As the sun nears the horizon and the clouds begin to envelope the mountain, the sights and sounds begin to slowly dissolve as the thickness of the upslope fog* increases. After a day of foraging for insects under blue sky, the curious ʻelepaio stops singing and finds shelter.
*Clouds form upslope in Hawaiʻi - as air is forced up the mountain by frequent trade-winds, the air cools, causing water vapor in the air to turn into tiny liquid water droplets. These water droplets are efficiently stripped from the air by vegetation. This cloud water interception provides an important water resource for the people of Hawaiʻi.
From just below a narrow ridge near the most prominent peak around, the last remaining ʻōhiʻa trees disappear from the horizon and the city and farms below, seen only a few seconds prior, become distant enough to imagine that they are no longer there. The cool mist begins soaking the trees and branches, and wai (water) slowly dissolves into the mountain. Droplets grow into rain drops and rainfall begins within the fog. As water makes its way to the soil, the roots of Caly and Caly's friends absorb it eagerly. Satisfied, they await a new day of sunshine.
Eventually, the rising sun exposes the clouds to morning light and slowly evaporates the tiny water droplets remaining in the air. Out of the mist emerges Caly with large, bright green leaves, reaching out for the first rays of sun as they filter through the cracks from the trees above.
But each day is filled with challenges. As invasive plants displace native vegetation, feral pigs feast on vulnerable plants, and climate change disrupts weather patterns, Caly and many of Caly's friends face extinction without the help of resource managers.
Explore Cyanea calycina
Learn more about Caly and her species.
Who is Caly?
Caly is an individual in the Cyanea calycina species. Cyanea calycina is a critically endangered species in the Campanulaceae family, endemic to the Island of O‘ahu. There are over 140 known Hawaiian species in the campanulaceae family, all thought to be descendents of a single arrival about 13 million years ago. This rapid evolution from one to over 140 species is thought to be one of the largest plant radiations in the world. All species in this family have been impacted by changes brought by human colonization of the Hawaiian islands. For instance, of the 70 known Cyanea species, collectively named hāhā, over 40 are endangered and 20 are presumed extinct.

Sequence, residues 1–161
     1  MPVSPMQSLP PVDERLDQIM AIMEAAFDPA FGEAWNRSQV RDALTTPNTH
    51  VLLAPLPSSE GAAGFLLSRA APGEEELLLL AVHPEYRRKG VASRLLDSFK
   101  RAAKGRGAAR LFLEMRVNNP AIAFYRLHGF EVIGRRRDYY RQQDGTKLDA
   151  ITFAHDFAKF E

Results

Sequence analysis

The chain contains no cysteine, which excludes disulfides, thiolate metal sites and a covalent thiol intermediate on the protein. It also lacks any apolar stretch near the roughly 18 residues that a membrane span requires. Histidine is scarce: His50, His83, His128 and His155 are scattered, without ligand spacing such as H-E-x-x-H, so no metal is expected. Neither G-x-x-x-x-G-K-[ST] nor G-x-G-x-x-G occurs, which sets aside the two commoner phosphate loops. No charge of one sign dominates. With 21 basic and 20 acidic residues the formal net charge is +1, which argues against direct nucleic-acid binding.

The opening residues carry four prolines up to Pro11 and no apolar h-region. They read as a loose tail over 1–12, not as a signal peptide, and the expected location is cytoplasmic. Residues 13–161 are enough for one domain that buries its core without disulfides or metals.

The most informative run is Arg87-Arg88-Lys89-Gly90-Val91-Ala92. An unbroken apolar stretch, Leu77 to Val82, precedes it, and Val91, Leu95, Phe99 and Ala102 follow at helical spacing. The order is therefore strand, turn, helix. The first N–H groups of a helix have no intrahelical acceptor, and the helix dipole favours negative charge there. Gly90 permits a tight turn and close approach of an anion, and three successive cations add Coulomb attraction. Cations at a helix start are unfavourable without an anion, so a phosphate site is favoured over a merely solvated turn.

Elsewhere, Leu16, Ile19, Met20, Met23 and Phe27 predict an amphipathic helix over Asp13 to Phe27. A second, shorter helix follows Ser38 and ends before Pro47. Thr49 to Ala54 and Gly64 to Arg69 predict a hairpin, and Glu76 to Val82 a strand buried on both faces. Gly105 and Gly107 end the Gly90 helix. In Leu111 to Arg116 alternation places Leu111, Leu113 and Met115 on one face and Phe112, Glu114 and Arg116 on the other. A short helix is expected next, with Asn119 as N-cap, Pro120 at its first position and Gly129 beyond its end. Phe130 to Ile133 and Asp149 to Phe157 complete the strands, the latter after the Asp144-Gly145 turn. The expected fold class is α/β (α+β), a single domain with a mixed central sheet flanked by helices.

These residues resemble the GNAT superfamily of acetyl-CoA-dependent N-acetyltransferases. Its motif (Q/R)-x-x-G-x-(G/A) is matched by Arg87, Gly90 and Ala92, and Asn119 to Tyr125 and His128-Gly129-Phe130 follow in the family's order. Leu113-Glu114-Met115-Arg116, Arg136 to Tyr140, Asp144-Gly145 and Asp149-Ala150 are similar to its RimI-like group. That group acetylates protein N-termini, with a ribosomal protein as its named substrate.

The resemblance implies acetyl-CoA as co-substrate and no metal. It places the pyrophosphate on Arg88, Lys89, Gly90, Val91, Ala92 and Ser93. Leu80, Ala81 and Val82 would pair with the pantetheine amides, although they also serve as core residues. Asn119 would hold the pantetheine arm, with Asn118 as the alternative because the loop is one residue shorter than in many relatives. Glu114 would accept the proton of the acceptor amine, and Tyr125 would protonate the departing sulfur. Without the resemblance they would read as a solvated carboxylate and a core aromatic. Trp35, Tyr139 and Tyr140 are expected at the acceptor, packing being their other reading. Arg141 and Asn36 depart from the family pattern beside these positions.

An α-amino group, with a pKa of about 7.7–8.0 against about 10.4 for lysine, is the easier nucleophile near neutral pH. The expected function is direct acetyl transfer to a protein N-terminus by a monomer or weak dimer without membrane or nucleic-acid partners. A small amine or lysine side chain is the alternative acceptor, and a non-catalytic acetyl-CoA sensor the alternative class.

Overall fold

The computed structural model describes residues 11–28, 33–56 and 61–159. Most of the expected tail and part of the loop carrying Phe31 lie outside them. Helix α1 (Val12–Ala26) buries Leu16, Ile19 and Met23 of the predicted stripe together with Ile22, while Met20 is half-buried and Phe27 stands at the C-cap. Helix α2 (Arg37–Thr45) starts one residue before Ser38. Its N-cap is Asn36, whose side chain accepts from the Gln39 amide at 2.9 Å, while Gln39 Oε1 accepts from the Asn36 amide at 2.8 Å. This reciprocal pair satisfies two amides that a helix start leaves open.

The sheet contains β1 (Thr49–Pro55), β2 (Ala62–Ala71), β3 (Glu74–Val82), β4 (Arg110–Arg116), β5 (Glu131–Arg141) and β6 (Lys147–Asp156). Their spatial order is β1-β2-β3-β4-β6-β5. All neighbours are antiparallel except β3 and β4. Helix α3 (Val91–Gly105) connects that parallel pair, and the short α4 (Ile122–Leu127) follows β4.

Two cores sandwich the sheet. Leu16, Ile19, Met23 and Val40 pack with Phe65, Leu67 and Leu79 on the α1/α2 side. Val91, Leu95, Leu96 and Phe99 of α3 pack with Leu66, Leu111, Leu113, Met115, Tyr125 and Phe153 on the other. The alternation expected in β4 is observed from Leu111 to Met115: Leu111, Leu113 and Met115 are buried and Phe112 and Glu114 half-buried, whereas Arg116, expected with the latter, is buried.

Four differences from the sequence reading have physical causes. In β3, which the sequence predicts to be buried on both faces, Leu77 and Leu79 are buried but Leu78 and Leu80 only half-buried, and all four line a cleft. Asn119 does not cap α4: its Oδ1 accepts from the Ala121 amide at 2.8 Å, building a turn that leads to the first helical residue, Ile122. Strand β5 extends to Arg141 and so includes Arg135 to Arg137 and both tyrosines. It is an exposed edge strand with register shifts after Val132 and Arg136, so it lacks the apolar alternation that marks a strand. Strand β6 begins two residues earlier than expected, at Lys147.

Where does Caly live?
Caly lives in the wao akua in the Wai‘anae Range on O‘ahu, clinging to steep terrain under the shade from the plants above. The wao akua is a distant mountain region with lush forests, sustained by the capture of cloud water by the surfaces of vegetation, which collects on leaves and drips to the soil. It was believed by ancient Hawaiians to be inhabited only by spirits, and the wao kanaka just below was reserved for people to utilize resources collected from the forest. The wao akua is a special, mystical place that harbored the creation of unique species that inhabit this realm, many of which are found nowhere else on Earth.
Today, the wao akua retains much of its mystical nature, with treacherous mountain terrain being one natural barrier to human development. However, much has changed, and some species that once thrived there are now threatened with the prospect of extinction without sustained intervention by resource managers.
Continuous threats include invasive plants that spread rapidly and displace native vegetation and invasive animals such as feral pigs, rats, and mosquitoes. In addition, climate change is expected to further strain species in their natural habitat, with native species needing to migrate to higher elevations.
Upper-elevation forests on O‘ahu and the other Hawaiian islands not only possess unique biodiversity found nowhere else in the world, they also act as vital watershed resources, and serve as an important cultural space for native Hawaiians. For all of these reasons, conservation of the remaining native forests is a major priority for the resource managers in Hawaiʻi.